The Covid-19 pandemic has undoubtedly affected everyone’s preparation and there are many boats that have done far less miles at sea than they would have, had the two transatlantic races, that normally occupy the IMOCA fleet in the build-up, not been cancelled this year.

It will interesting to see whether this translates into a high attrition rate, especially among the fastest foilers, with one sage on the dockside at Les Sables d’Olonne predicting that only half of the new boats will make it all the way round. The historic attrition rate in the Vendée Globe, over eight races, is for 46% of starters not to finish, with one of the worst races in this respect being the 2008-09 contest when 18 of the 30 skippers did not get back to Les Sables. Let’s hope we do not see a repeat of that.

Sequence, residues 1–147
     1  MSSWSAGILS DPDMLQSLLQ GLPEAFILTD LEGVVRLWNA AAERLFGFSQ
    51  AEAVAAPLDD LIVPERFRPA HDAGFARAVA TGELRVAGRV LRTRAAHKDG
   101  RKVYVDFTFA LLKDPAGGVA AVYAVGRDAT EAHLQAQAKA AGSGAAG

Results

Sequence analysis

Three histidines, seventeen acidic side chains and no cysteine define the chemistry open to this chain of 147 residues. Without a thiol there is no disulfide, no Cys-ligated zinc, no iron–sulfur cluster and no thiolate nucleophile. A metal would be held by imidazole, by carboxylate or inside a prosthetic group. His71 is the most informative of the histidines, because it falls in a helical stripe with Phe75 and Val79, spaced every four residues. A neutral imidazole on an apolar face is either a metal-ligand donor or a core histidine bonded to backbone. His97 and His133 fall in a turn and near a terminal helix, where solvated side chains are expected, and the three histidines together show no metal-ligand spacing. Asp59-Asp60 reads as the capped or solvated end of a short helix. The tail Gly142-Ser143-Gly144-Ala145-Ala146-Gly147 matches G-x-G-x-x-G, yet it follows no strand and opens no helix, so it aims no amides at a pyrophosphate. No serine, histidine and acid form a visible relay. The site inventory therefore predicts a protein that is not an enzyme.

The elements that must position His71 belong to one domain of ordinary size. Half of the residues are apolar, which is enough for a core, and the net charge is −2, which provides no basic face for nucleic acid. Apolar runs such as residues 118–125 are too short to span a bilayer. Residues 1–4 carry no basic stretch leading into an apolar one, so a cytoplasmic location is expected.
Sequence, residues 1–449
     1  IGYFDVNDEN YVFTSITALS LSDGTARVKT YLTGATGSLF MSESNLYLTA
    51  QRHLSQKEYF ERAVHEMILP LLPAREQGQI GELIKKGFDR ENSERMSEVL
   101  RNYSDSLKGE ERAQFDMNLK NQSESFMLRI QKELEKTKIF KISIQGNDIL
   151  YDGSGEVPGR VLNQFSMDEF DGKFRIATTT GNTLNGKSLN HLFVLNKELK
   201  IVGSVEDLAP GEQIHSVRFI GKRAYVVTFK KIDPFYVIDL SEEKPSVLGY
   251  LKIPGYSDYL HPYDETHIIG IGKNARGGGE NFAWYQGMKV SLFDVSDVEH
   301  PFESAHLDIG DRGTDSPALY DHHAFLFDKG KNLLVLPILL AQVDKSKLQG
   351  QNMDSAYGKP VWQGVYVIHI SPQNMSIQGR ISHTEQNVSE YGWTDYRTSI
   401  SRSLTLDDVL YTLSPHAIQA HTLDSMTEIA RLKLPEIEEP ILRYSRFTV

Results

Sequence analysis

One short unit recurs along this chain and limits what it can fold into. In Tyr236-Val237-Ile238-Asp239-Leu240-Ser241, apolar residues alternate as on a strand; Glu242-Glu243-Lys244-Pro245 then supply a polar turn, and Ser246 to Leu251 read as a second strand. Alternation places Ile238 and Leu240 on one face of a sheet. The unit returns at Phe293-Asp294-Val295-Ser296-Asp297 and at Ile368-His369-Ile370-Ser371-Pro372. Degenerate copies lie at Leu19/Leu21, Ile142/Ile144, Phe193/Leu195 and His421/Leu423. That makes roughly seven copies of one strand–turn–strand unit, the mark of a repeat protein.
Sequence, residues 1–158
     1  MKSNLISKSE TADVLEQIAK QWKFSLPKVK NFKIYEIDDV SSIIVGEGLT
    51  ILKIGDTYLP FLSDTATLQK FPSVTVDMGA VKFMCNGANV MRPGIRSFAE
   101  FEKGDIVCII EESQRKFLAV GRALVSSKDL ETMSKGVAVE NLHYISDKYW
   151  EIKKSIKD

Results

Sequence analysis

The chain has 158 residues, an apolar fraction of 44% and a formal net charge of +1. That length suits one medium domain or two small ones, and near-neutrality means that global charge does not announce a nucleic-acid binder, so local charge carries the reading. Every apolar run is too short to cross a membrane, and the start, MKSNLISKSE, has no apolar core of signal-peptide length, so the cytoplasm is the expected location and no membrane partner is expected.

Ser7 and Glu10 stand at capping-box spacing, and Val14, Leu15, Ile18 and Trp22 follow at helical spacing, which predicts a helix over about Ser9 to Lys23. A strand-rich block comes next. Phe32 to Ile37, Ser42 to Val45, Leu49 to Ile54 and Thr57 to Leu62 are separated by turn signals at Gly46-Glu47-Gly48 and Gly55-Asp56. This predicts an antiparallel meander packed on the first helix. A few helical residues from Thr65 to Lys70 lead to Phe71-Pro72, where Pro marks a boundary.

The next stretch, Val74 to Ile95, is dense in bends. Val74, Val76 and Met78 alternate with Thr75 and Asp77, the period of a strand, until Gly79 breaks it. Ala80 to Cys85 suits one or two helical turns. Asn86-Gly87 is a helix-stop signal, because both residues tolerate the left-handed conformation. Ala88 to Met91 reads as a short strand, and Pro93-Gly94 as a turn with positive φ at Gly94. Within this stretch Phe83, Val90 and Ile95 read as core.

Golding says the inherent speed of the new boats is the problem: “A lot of the boats are caught out by their own speed – trying to design a boat that is going to travel a third faster than any previous generation hull form is a real challenge and we all know that the impacts go up disproportionately and incredibly fast.”

I asked him for some comments on the leading contenders. Like many race fans in Britain, Golding is hoping that Alex Thomson on HUGO BOSS will finally do himself justice and win his first race in an IMOCA, but he is far from certain that this will be the case.

“Alex reckons he has done 20,000 miles in this boat,”explained Golding. “The reality is, he hasn’t put himself in front of the other boats enough in my opinion. He has somehow removed himself from the core of IMOCA activity and totally focused on the Vendée Globe…talk about putting all your eggs in one basket, but that’s what he has done."

“It will either work for him or it will go catastrophically wrong,”he added. “We all know that that is kind of what Alex is – an all-or-nothing guy. There is nothing wrong with that – we know he is a player and we know that people will be watching his progress.”